Amnesty International’s Harsh Criticism of Singapore
Ruling PAP leadership unlikely to listen
The UK-based human rights organization Amnesty International is charging the Singapore government with continuing to silence human rights defenders and other critics ahead of upcoming elections, subjecting “well-known activists and critics of the government…to further investigation and harassment…solely for freely expressing their views and opinions.”
Although no general elections are due before November 23, 2025, the government, headed by the 71-year-old Prime Minister Lee Hsien Loong, who has headed the People's Action Party co-founded by his father Lee Kuan Yew for the past 19 years, is expected to go to the polls later this year. While the country’s presidential election, which is held separately from the parliamentary polls, is due later this year, many in Singapore expect that inflation, rising property prices, and other issues will force Lee to call a snap election in the near future.
Singapore, with its insular political culture and long record of dominance by the PAP, which has ruled the country from its inception as a distorted parliamentary democracy, has never buckled under criticism and is unlikely to bother with the Amnesty International report. It can point to an unbroken record of electoral victories far above a mere plurality going back to Singapore’s independence in 1965 in the face of criticism that the government has used pliant courts to bludgeon the press, both international and local, as well as political opponents, into submission.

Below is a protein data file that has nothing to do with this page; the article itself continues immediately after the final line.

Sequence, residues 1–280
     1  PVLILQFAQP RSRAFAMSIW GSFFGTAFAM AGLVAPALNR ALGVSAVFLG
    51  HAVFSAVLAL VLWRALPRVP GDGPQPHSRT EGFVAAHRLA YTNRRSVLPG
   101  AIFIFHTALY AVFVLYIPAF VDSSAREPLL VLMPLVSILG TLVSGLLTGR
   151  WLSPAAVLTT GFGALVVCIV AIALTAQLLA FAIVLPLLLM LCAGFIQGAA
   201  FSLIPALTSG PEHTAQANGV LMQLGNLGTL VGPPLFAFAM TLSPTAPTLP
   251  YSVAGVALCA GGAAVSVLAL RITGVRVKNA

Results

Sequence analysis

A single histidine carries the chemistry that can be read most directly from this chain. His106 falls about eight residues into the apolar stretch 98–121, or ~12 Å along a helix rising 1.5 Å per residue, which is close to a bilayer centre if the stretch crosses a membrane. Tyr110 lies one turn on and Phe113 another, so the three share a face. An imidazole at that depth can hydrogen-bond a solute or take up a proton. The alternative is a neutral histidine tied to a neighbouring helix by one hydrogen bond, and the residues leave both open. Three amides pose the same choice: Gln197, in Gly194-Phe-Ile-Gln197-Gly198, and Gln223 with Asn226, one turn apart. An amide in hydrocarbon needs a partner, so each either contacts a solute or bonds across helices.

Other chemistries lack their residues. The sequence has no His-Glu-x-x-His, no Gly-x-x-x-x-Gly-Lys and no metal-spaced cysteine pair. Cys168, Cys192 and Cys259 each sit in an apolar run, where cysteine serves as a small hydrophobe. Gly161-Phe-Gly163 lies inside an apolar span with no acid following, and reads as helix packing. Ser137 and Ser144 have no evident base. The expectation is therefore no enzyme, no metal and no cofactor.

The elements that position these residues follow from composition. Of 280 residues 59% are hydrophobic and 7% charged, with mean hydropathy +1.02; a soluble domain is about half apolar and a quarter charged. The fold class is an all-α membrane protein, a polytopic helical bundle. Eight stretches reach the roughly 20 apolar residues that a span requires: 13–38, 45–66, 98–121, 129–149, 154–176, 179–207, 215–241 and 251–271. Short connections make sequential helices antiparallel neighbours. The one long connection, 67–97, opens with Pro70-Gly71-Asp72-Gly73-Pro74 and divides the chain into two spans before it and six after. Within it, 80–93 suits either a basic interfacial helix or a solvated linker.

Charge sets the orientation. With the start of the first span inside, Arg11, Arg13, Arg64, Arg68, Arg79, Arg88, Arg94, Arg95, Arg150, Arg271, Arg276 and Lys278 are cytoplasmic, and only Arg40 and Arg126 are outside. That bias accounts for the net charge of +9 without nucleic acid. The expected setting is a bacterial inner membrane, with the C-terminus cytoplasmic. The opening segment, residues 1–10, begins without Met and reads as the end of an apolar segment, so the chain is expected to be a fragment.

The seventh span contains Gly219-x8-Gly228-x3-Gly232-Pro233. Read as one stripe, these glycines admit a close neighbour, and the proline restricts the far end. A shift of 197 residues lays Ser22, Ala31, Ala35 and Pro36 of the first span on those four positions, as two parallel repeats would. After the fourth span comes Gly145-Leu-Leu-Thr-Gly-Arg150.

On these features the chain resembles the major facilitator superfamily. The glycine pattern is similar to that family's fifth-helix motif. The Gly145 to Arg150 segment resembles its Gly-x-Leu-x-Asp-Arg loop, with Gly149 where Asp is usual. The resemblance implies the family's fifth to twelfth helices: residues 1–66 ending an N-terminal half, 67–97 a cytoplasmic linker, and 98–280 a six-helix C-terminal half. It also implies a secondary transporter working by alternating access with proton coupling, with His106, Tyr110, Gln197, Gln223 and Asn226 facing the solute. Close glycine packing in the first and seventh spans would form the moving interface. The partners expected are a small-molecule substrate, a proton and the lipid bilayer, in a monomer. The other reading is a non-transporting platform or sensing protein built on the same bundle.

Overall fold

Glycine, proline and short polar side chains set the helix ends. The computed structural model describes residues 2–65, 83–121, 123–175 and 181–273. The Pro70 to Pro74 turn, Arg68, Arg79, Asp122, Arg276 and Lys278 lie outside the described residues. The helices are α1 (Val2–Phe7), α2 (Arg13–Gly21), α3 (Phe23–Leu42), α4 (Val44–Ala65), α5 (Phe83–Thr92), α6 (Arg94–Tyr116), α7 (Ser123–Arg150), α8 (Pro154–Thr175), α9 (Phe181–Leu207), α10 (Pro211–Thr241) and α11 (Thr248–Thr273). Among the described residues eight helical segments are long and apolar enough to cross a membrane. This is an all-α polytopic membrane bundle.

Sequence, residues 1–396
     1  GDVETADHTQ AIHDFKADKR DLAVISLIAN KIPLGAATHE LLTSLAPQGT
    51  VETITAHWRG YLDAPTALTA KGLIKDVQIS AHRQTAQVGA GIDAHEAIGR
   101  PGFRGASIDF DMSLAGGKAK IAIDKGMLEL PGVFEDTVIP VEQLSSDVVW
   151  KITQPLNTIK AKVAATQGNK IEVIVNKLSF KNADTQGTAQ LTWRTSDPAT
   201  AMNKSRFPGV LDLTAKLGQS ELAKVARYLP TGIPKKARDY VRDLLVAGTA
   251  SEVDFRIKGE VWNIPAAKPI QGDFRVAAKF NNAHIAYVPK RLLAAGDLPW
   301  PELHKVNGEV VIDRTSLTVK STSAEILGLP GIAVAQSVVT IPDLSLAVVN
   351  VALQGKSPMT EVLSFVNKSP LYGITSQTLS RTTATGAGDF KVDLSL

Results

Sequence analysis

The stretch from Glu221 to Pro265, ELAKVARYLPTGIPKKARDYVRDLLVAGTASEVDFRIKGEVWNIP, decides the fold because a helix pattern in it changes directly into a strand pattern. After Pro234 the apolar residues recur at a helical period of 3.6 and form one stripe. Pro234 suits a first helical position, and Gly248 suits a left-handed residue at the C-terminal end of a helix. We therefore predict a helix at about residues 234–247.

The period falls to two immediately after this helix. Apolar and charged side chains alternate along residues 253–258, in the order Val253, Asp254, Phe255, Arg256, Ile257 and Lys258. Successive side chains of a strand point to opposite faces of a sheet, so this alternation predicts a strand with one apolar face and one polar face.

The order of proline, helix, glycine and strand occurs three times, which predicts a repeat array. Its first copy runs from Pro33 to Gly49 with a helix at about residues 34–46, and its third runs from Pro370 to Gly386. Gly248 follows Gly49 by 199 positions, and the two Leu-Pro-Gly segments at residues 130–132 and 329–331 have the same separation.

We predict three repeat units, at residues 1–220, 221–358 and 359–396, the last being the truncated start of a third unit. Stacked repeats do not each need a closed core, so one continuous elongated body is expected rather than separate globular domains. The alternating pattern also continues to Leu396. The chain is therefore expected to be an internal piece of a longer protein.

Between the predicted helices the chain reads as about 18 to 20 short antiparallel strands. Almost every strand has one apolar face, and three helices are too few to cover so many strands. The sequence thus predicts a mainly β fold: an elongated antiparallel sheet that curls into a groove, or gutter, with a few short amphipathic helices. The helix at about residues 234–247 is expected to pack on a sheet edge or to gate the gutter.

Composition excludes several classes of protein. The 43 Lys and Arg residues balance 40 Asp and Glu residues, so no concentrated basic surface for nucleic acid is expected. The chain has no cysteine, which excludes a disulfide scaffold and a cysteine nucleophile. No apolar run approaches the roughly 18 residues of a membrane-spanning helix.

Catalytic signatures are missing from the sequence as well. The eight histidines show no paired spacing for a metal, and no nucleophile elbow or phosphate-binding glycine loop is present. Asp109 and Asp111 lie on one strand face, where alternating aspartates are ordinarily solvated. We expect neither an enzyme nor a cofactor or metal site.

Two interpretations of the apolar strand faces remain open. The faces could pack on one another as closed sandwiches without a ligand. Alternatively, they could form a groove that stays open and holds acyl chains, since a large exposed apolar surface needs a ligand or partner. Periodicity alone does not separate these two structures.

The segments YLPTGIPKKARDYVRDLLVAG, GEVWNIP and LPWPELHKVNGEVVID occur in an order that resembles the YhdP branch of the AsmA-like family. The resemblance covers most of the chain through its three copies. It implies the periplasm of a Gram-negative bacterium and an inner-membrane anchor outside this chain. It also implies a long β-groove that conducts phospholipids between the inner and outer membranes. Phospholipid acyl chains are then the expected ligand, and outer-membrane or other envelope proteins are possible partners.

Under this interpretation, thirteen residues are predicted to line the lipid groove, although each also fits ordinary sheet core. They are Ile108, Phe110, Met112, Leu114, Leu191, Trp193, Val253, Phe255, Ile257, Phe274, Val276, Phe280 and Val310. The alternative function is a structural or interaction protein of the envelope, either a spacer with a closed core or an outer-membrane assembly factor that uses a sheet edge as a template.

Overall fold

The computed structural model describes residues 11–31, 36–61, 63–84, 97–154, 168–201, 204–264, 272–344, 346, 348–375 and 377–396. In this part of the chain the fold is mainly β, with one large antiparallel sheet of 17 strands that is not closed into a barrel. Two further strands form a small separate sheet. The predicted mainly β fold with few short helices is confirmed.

Nonetheless, the introduction of an Online Criminal Harms Bill on May 8 “threatens to further decrease the space for free speech in the country,” Amnesty International said in a prepared release, setting the conditions for a wider crackdown against dissent. The human rights organization cited the case of editor Terry Xu, who was made to pay S$30,000 (US$ 22,474) in fines and other costs for contempt of court for “impugning the reputation of the Singapore judiciary” for the publication of an open letter in 2021 on his website, The Online Citizen. The letter criticized a speech by the Chief Justice of Singapore for failing to mention a case involving the current prime minister’s brother Lee Hsien Yang and his wife Lee Suet Fern, who have been involved for several years in a bitter squabble with their brother over the disposition of the colonial era home of the late Lee Kuan Yew, Singapore’s first prime minister and the father of Hsien Loong and Hsien Yang.